The melatonin-sensitive circadian clock of the enteric bacterium Enterobacter aerogenes

Jiffin K. Paulose, Vincent M. Cassone

Research output: Contribution to journalArticlepeer-review

37 Scopus citations


Circadian clocks are fundamental properties of all eukaryotic organisms and at least some prokaryotic organisms. Recent studies in our laboratory have shown that the gastrointestinal system contains a circadian clock that controls many, if not all, aspects of gastrointestinal function. We now report that at least one species of intestinal bacteria, Enterobacter aerogenes, responds to the pineal and gastrointestinal hormone melatonin by an increase in swarming activity. This swarming behavior is expressed rhythmically, with a period of approximately 24 hrs. Transformation of E. aerogenes to express luciferase with a MotA promoter reveals circadian patterns of bioluminescence that are synchronized by melatonin and whose periods are temperature compensated from 26°C to 40°C. Bioinformatics suggest similarities between the E. aerogenes and cyanobacterial clocks, suggesting the circadian clock may have evolved very early in the evolution of life. They also point to a coordination of host circadian clocks with those residing in the microbiota themselves.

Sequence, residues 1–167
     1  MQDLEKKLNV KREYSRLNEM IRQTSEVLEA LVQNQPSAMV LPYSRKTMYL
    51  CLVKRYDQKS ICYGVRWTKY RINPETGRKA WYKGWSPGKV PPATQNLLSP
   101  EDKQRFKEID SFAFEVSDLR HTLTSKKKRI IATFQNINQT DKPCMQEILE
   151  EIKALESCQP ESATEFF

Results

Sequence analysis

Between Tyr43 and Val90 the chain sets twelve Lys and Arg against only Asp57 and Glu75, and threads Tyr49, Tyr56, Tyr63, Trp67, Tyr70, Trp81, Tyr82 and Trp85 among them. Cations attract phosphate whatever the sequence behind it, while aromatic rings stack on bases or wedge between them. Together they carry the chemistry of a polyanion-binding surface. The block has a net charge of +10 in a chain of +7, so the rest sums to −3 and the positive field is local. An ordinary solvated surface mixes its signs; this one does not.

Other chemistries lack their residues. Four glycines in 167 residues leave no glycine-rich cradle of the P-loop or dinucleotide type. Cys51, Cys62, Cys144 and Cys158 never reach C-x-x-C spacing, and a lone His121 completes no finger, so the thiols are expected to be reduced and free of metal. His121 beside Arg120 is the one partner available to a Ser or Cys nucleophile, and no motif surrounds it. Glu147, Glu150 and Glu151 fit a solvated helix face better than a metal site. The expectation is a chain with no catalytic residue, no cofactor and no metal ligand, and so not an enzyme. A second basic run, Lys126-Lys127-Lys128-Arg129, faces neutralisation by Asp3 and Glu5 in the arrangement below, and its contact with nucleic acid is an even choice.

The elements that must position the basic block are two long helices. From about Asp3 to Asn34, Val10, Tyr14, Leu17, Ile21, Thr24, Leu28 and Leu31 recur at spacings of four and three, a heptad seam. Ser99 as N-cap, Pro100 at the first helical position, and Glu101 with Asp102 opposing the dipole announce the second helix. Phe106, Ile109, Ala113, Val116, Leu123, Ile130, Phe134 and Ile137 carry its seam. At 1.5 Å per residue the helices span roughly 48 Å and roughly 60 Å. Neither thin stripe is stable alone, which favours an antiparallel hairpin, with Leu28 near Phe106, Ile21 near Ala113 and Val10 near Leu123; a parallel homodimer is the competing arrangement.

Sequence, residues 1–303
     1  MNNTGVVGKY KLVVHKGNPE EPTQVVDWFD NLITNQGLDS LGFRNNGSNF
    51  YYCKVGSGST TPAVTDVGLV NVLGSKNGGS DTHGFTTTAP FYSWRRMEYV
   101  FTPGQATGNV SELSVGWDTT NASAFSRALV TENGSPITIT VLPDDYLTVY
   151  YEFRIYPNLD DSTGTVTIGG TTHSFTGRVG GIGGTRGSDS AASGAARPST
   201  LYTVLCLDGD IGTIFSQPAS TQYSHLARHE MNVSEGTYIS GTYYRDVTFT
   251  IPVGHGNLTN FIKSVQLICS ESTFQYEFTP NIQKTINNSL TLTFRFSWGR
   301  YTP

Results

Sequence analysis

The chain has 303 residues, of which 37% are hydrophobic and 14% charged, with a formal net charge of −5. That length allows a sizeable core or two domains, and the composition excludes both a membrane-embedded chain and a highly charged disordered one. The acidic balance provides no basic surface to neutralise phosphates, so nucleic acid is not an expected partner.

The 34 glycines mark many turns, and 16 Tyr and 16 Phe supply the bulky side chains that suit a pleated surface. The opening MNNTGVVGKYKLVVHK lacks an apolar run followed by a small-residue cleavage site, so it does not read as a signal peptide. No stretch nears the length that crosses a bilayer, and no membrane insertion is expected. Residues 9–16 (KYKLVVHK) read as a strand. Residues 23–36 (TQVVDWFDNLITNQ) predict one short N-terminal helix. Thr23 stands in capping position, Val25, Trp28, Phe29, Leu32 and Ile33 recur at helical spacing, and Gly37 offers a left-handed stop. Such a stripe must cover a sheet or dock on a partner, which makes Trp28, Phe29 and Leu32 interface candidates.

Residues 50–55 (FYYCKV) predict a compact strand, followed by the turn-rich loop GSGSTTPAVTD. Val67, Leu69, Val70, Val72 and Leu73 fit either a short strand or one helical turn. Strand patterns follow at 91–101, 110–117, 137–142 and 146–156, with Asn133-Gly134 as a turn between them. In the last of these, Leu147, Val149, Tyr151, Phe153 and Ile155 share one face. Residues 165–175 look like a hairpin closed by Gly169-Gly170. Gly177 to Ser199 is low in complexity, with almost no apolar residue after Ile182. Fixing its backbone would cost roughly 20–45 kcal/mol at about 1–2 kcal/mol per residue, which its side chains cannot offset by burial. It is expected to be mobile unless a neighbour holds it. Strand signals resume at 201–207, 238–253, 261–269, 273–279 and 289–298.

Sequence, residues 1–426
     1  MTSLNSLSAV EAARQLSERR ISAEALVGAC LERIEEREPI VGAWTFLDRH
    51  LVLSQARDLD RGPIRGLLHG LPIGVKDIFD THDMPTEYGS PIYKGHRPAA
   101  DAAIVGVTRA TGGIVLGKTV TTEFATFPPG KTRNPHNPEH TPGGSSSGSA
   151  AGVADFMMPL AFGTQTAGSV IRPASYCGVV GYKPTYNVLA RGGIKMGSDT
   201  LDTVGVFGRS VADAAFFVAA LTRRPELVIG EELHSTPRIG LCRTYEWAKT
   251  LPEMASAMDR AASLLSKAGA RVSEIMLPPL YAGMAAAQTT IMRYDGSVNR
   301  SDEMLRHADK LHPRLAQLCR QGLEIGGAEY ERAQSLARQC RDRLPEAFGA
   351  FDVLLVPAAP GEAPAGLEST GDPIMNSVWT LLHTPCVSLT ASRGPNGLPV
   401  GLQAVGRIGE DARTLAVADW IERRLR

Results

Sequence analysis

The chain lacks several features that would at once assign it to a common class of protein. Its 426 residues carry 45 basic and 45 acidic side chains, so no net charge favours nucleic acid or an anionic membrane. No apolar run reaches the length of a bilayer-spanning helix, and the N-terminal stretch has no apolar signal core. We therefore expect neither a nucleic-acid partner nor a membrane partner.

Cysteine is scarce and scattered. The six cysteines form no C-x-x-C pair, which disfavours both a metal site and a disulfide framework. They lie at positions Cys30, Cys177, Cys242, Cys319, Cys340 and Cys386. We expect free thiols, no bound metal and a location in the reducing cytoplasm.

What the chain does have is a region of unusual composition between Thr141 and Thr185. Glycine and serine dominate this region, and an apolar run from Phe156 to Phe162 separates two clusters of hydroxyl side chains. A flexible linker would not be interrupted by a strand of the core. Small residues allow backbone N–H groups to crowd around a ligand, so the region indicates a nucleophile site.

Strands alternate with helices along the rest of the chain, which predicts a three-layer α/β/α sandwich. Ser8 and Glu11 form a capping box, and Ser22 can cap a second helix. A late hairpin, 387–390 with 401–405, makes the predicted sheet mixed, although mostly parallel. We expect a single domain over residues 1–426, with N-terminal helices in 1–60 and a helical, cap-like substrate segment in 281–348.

Original languageEnglish
Pages (from-to)424-427
Number of pages4
JournalGut Microbes
Issue number5
StatePublished - Jul 24 2016

Bibliographical note

Funding Information:
This research was funded by NIH R01 AG045833 to VMC.

Publisher Copyright:
© 2016 Taylor & Francis.


  • Circadian
  • Gastrointestinal
  • Melatonin
  • Microbiome
  • Swarming

ASJC Scopus subject areas

  • Microbiology
  • Gastroenterology
  • Microbiology (medical)
  • Infectious Diseases


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